If all the people who claimed to have seen the original production of Anyone Can Whistle had actually seen it, the show would have run for years, instead of the nine performances it managed to eke out over on West 44th Street. I'm different from all of those people—I actually did see it, on the evening of April 11, 1964, and I have the Playbill to prove it. I was 15 years old and no expert, heaven knows, but it was the most startling evening of musical theater I had ever encountered. To explain why, it’s important to understand the context in which this unique, noisy, dancey, irreverent and chaotic experimental satire was born, lived and died—all in a week and a day.
In the spring of 1964 America was an emotional basket case. The previous November, President Kennedy had been assassinated. No one knew it yet, but the fault lines that would tear the country asunder at the end of the decade were already there, cracking just beneath the surface. We were trying to pull ourselves together after a cataclysmic national tragedy; instead, history was pulling us apart. There had been race riots in Birmingham, AL, a couple of months before JFK's death. And by April the new president, LBJ, had ordered a massive buildup of air power over Vietnam. The Beatles were in town, and perfectly innocent-looking high school students were beginning to let their hair grow and wondering where you could find actual marijuana. Surely there was trouble ahead.
For a curious ninth-grade boy who loved the theater and had just learned the rudiments of the folk guitar and protest music, January of 1964 brought the arrival of two immortal record albums that defined a dialectical battle almost too good to be true: Bob Dylan's "The Times They Are A-Changin'" and the original cast recording of Hello, Dolly! It was a puzzling moment.
Dylan—who often displayed a rueful and ironic sense of humor—was just angry this time out. Racism, war, lockstep middle-American conformity and the generation gap had really riled him. Dolly, on the other hand, just wanted to delight the tired businessman; she did so with so much style and such good tunes that it seemed she had moved into the St. James Theatre for a permanent stay. Across the street, at the Majestic, was Anyone Can Whistle, glowering brashly. And to me, for a couple of hours anyhow, it seemed as though some ingenious lunatic had arranged a dazzling, shotgun wedding: Dylan and Dolly. And what in the world would their children look like? Dylan's subject matter, Dolly's marabou feathers. Dylan's attitude, Dolly's brass. Dylan's youthful cynicism, Dolly's ageless razzmatazz. Like many forced marriages, this one was hardly destined to endure. The authors of Anyone Can Whistle had no such marriage in mind, of course. Arthur Laurents and Stephen Sondheim were restless experimenters working on mainstream Broadway. They’d already done West Side Story and Gypsy. Sondheim the dazzling lyricist had made his composing debut with A Funny Thing Happened on the Way to the Forum, a strikingly original musical comedy with a score whose inventive irreverence would not be recognized for a decade. Whistle, however, pushed the envelope right over the edge.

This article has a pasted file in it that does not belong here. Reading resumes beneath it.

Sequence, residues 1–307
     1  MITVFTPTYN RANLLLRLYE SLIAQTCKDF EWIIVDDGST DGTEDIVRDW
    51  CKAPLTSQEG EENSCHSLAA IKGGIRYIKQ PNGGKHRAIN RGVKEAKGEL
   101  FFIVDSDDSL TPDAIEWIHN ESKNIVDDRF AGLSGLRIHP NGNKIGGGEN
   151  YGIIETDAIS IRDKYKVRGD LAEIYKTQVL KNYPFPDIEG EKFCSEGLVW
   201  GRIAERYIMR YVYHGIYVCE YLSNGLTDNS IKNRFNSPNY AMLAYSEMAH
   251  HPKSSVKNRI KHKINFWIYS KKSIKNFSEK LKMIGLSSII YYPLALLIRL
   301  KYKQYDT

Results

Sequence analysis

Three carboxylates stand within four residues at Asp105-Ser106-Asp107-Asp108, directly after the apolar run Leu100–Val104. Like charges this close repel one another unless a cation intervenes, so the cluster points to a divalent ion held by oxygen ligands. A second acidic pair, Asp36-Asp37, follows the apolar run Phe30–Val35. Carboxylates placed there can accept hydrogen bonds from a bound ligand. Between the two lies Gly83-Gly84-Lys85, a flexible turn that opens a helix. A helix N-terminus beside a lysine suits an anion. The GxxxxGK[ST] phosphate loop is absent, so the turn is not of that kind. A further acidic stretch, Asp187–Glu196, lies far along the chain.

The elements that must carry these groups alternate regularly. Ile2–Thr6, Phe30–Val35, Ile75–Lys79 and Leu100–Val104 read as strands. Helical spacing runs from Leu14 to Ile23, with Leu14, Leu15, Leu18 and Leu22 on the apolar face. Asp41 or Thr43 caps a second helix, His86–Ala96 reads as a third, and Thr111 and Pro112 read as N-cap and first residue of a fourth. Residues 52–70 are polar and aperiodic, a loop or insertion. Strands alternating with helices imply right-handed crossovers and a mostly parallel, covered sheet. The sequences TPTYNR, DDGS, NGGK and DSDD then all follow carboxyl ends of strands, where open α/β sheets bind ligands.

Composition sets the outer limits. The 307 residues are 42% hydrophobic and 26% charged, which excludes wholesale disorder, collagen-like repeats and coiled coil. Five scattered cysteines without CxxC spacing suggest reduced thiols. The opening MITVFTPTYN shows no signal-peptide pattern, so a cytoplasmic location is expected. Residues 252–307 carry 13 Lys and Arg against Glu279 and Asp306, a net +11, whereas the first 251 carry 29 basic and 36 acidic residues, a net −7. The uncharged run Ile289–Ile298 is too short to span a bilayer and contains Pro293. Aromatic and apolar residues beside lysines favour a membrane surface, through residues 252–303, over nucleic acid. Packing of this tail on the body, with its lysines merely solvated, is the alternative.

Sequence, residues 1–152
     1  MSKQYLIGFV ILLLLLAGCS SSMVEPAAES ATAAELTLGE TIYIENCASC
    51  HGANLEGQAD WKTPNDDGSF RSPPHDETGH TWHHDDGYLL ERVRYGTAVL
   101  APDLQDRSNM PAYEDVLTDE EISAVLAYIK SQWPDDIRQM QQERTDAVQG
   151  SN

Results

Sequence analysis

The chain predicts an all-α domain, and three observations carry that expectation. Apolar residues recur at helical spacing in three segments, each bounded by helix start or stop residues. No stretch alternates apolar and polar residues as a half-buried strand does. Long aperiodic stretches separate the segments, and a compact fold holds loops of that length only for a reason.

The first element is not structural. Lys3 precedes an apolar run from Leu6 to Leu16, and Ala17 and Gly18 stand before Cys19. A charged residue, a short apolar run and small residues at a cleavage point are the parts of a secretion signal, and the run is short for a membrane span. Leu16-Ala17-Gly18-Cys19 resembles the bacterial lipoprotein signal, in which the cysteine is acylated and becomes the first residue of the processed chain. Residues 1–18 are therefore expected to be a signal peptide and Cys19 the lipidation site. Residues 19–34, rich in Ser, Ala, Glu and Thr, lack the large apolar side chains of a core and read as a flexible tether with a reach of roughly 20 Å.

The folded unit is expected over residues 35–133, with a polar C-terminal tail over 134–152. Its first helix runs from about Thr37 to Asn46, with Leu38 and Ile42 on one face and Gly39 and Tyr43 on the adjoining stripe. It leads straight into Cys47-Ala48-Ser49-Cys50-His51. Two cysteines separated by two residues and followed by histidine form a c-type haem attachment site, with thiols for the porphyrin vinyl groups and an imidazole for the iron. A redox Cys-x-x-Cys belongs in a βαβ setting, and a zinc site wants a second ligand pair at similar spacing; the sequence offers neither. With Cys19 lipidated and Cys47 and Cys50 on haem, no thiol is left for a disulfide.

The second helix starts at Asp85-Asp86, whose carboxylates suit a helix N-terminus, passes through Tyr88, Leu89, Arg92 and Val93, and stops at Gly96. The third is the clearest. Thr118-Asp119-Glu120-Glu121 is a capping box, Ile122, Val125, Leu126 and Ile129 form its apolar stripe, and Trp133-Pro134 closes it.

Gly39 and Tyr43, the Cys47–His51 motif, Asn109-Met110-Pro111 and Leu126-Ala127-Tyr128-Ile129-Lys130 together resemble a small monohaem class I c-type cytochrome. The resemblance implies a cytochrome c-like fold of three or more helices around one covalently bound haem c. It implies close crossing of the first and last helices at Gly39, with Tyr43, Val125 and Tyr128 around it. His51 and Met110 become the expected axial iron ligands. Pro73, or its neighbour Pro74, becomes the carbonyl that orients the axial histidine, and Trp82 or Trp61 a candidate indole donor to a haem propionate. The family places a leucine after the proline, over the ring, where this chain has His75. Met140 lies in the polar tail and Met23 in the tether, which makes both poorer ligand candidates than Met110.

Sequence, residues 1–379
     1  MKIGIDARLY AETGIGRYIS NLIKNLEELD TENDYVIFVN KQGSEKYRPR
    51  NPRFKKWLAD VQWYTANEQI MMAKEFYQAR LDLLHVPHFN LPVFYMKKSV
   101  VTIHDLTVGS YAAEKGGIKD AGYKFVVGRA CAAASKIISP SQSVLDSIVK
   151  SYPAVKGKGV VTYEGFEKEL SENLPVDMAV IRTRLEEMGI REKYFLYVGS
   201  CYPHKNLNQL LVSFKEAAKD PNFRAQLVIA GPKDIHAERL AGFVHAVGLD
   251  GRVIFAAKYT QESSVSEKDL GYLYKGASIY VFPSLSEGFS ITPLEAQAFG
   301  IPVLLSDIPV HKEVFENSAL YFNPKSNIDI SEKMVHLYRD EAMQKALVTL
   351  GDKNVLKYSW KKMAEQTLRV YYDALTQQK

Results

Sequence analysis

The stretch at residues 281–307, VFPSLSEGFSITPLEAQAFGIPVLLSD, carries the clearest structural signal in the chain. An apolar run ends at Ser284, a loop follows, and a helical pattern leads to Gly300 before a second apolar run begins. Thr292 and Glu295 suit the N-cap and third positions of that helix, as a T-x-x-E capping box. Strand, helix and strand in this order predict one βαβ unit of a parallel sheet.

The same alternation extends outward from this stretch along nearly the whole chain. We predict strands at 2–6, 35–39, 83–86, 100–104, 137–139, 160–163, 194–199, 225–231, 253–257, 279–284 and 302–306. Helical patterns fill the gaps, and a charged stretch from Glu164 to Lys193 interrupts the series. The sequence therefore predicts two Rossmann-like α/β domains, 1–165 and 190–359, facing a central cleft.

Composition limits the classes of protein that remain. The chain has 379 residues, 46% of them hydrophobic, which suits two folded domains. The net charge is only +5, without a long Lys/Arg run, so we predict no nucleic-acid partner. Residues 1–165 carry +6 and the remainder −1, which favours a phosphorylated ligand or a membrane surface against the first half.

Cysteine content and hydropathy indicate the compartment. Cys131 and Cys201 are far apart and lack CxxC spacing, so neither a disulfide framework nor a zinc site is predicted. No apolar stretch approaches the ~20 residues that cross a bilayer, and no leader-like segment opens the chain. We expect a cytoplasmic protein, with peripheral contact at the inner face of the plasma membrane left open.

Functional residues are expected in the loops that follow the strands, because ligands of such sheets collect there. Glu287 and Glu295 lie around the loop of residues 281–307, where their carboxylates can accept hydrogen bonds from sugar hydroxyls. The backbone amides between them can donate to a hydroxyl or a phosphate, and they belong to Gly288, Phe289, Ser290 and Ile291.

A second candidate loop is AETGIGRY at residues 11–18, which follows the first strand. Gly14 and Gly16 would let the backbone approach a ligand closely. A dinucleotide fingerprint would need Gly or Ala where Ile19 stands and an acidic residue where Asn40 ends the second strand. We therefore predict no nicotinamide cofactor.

Its nutcake plot was an opportunity to take shots at a host of targets that were burning up the younger generation. Its premise—that in repressed, conformist, post-Eisenhower America the truly original people were more likely to be locked in an asylum than running around loose —was a popular myth. And its tone had a lot to do with the new comic spirit of Lenny Bruce and Mort Sahl, not to mention the camp Technicolor personalities of Kay Thompson and Brigitte Bardot. (I was too young to get any of that.) In its own disjointed way, the show wore a fabulous set of stylistic trappings. But at its core, it had two great virtues that have outlasted the fashion of the day, not to mention its own scattershot limitations: a beating heart for those trying to come out and be who they are, and a score of startling originality and self-assurance.